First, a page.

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Williams v. State

Supreme Court of Arkansas

March 5, 2015




Page 275


In 1983, a jury found petitioner Rodney Williams guilty of aggravated robbery and murder in the first degree. He was sentenced as a habitual offender to an aggregate term of life imprisonment. We affirmed. Williams v. State, 281 Ark. 91, 663 S.W.2d 700 (1983), cert. denied, 469 U.S. 980, 105 S.Ct. 382, 83 L.Ed.2d 317 (1984) ( Williams I ). He subsequently filed a petition here seeking relief pursuant to our postconviction rule, Arkansas Rule of Criminal Procedure 37.1

Page 276

(1983).[1] The petition was denied. Williams v. State, CR-83-94 (Ark. Jan. 16, 1986) (unpublished per curiam) ( Williams II ).

In 2005, more than twenty-one years after he was convicted, petitioner filed in this court a pro se petition in which he requested permission to proceed in the trial court with a petition for writ of error coram nobis. The petition was denied. Williams v. State, CR-83-94, (Ark. Nov. 3, 2005) (unpublished per curiam) ( Williams III ). Petitioner has now filed a second petition in this court entitled " Writ of Error Coram Nobis or Motion for New Trial." We construe the petition as a second request that jurisdiction be reinvested in the trial court so that petitioner may proceed with a petition for writ of error coram nobis.[2]

A petition for leave to proceed in the trial court is necessary because the circuit court can entertain a petition for writ of error coram nobis after a judgment has been affirmed on appeal only after we grant permission. Cromeans v. State, 2013 Ark. 273 (per curiam).

A writ of error coram nobis is an extraordinarily rare remedy, more known for its denial than its approval. Id. The writ is allowed only under compelling circumstances to achieve justice and to address errors of the most fundamental nature. McDaniels v. State, 2012 Ark. 465 (per curiam). We have held that a writ of error coram nobis is available to address certain errors that are found in one of four categories: insanity at the time of trial, a coerced guilty plea, material evidence withheld by the prosecutor, or a third-party confession to the crime during the time between conviction and appeal. Cromeans, 2013 Ark. 273. The function of the writ is to secure relief from a judgment rendered while there existed some fact that would have prevented its rendition if it had been known to the circuit court and which, through no negligence or fault of the defendant, was not brought forward before rendition of judgment. McFerrin v. State, 2012 Ark. 305 (per curiam). The petitioner has the burden of demonstrating a fundamental error of fact extrinsic to the record. Williams v. State, 2011 Ark. 541 (per curiam). Coram-nobis proceedings are attended by a strong presumption that the judgment of conviction is valid. Roberts v. State, 2013 Ark. 56, 425 S.W.3d 771.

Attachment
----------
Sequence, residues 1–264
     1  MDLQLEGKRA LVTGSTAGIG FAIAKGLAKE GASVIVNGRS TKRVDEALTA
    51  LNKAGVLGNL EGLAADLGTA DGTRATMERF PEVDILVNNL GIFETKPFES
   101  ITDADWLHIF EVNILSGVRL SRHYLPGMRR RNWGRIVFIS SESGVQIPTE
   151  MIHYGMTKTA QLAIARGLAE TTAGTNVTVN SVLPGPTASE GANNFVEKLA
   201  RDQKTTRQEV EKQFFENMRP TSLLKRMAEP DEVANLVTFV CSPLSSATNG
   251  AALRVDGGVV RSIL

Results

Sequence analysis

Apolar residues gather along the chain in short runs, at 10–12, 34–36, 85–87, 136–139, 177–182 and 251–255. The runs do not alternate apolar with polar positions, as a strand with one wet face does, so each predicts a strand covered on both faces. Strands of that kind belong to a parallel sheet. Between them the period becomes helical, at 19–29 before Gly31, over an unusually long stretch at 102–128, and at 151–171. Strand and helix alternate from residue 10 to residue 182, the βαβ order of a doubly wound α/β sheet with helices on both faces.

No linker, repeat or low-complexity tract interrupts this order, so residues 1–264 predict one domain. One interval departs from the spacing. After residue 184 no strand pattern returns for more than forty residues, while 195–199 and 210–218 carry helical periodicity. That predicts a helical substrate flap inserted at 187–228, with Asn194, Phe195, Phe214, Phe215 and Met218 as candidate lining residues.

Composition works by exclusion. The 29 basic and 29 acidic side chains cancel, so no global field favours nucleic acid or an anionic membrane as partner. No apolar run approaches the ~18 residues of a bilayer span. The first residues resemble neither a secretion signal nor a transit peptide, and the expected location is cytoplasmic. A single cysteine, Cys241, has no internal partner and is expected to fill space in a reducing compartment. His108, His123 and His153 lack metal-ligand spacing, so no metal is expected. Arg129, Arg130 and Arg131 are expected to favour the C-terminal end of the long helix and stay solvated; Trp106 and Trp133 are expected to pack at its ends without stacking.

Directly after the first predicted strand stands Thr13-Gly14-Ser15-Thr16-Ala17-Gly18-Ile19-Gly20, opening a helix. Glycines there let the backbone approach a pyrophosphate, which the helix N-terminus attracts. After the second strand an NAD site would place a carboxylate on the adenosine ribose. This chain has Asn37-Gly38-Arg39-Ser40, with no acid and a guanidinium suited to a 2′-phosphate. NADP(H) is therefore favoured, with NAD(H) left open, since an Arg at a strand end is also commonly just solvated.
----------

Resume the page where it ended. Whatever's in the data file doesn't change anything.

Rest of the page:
In his first petition, petitioner alleged that various police officers conspired to convict him by coercing his statements and then lying to the court about the circumstances under which the statements were given. He further contended that the prosecution knew the officers' testimony was untrue and withheld the testimony of two other officers who could have offered testimony favorable to the defense at the hearing on his motion to suppress the statements. He argued that the withholding

Page 277

of the witnesses' testimony amounted to withholding exculpatory evidence and violated the right to due process guaranteed by Brady v. Maryland, 373 U.S. 83, 83 S.Ct. 1194, 10 L.Ed.2d 215 (1963). As his second ground to proceed in the trial court, petitioner alleged that erroneous evidence was used to establish that he was a habitual offender. After setting out the due-diligence requirement in making an application for coram-nobis relief, this court concluded that it was abundantly clear that petitioner was aware at the time of trial that certain police officers had testified concerning his statements at the suppression hearing and at his trial but other officers had not. We then held that, even if the prosecution had somehow hidden the fact of the other officers' existence, petitioner did not explain why he could not have learned about the officers at the time of trial or, with diligence, produced the issue without a delay of more than twenty ycars. Finally, we held that petitioner was also fully aware at the time of trial of evidence put forth by the prosecution to establish that he was a habitual offender. Williams III,.

Now, in his second petition, petitioner again alleges a Brady violation based on the repeated claim that various police officers gave false testimony regarding the circumstances of his confession and that the prosecution withheld the testimony of other officers who would have offered testimony to support his motion to suppress statements. Petitioner also again asserts that he is entitled to coram-nobis relief because erroneous evidence, namely two suspended sentences, should not have been considered in determining his status as a habitual offender. These two claims are an abuse of the writ, and we decline to exercise our discretion to permit the renewal of petitioner's previous application on these points because he fails to state additional facts sufficient to provide grounds for the writ. See Rodgers v. State, 2013 Ark. 294, at 3-4 (per curiam) ( " [A] court has the discretion to determine whether the renewal of a petitioner's application for the writ, when there are additional facts presented in support of the same grounds, will be permitted." ). Petitioner alleges no facts in the petition now before us that are sufficient to distinguish his instant claims of a Brady violation and improper consideration of evidence from the claims that he advanced in his first petition. He did not establish a basis for issuance of the writ in his first petition based on these claims, and his reassertion of the same claims in the instant petition is a misuse of the remedy.